Measuring and Propagating Influence in Networks

When: Monday, December 10, 2012 at 2:00 pm
Where: DA 5th fl
Speaker: Sinan Aral
Organization: Assistant Professor and Microsoft Faculty Fellow
Sponsor: CCNR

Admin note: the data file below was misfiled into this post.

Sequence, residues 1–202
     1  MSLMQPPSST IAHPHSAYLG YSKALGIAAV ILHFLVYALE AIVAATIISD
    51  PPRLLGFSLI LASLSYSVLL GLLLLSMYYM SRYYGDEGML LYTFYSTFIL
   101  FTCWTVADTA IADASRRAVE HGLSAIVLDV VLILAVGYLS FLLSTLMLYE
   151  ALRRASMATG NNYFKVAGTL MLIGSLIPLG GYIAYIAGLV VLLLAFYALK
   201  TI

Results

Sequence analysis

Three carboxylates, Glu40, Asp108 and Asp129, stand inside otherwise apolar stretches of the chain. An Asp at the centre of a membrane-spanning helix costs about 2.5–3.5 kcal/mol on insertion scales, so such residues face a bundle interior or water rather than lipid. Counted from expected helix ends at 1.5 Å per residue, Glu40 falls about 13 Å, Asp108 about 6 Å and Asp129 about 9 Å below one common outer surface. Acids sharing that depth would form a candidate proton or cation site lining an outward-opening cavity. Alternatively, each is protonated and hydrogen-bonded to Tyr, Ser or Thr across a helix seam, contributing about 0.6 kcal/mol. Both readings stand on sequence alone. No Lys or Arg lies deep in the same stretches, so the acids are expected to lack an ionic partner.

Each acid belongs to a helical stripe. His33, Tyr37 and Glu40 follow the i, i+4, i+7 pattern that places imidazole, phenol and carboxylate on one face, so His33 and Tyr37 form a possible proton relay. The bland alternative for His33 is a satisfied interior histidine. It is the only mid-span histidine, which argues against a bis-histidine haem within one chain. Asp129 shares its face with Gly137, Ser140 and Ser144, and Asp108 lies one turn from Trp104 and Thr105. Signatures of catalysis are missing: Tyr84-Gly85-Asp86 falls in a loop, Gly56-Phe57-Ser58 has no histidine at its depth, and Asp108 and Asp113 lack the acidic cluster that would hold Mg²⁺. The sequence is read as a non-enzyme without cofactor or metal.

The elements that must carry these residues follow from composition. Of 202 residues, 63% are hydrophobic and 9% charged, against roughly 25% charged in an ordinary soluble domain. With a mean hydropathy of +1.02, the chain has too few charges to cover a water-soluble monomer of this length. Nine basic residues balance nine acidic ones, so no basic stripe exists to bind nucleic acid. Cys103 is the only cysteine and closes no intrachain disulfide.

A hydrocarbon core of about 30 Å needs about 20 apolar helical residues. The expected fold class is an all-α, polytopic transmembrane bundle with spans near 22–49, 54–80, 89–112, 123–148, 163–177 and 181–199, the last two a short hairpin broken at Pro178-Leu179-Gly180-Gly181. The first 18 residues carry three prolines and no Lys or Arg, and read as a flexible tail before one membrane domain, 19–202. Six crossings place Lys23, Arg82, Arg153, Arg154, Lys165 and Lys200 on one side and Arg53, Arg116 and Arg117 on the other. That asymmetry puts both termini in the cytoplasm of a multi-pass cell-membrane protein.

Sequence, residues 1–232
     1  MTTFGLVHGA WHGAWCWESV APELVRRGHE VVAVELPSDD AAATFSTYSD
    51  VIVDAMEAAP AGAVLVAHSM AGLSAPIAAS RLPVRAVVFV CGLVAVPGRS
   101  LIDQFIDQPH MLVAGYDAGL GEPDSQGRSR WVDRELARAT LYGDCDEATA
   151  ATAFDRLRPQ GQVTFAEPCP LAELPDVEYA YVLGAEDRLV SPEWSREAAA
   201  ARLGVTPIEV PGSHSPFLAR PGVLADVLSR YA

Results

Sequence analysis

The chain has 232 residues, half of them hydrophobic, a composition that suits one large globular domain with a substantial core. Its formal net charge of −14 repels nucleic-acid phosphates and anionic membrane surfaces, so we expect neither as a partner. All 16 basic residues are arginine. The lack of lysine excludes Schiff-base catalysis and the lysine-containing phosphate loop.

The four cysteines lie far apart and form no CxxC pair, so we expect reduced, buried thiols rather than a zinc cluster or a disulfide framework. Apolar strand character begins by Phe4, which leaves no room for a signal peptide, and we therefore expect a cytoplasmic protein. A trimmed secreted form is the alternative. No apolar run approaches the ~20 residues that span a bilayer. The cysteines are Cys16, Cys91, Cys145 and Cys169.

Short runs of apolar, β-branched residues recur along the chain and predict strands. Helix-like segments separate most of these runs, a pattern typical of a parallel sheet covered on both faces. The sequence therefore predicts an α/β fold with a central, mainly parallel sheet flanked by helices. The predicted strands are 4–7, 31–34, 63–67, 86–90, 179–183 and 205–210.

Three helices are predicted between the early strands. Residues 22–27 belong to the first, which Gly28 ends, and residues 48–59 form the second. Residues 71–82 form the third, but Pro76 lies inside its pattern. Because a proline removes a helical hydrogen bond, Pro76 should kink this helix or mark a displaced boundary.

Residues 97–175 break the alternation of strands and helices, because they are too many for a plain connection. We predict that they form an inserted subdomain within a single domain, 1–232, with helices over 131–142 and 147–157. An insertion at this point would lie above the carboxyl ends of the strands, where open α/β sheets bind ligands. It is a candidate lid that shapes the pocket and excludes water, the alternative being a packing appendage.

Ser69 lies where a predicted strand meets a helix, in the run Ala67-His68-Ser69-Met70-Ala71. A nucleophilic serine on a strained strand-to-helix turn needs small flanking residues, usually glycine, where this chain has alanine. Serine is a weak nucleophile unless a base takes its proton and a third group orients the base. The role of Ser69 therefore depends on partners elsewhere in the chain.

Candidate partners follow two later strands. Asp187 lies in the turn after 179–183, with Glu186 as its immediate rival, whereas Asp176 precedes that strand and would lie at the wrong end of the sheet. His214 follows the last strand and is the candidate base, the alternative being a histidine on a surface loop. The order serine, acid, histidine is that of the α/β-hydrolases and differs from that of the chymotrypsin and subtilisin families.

Measuring influence and finding influential people in social networks is now all the rage. But, true estimates of influence are fraught with statistical difficulties which naïve scoring methods cannot address. So, how can we robustly measure influence and identify influentials in networks? Whether in the spread of disease, the diffusion of information, the propagation of social contagions, the effectiveness of viral marketing, or the magnitude of peer effects in a variety of settings, a key problem is understanding whether and when the statistical relationships we observe can be interpreted causally. Sinan will review what we know and where work might go with respect to identifying causal peer influence in social networks and the importance of causal inference for understanding the spread of products, political views and public health behaviors through society. He will provide examples from large scale observational and experimental studies in online social media networks and organizational email networks, and describe a new project to spread HIV testing using peer to peer influence and mobile messaging in South Africa, the subject of which is the basis for a new documentary film entitled “The Social Cure.”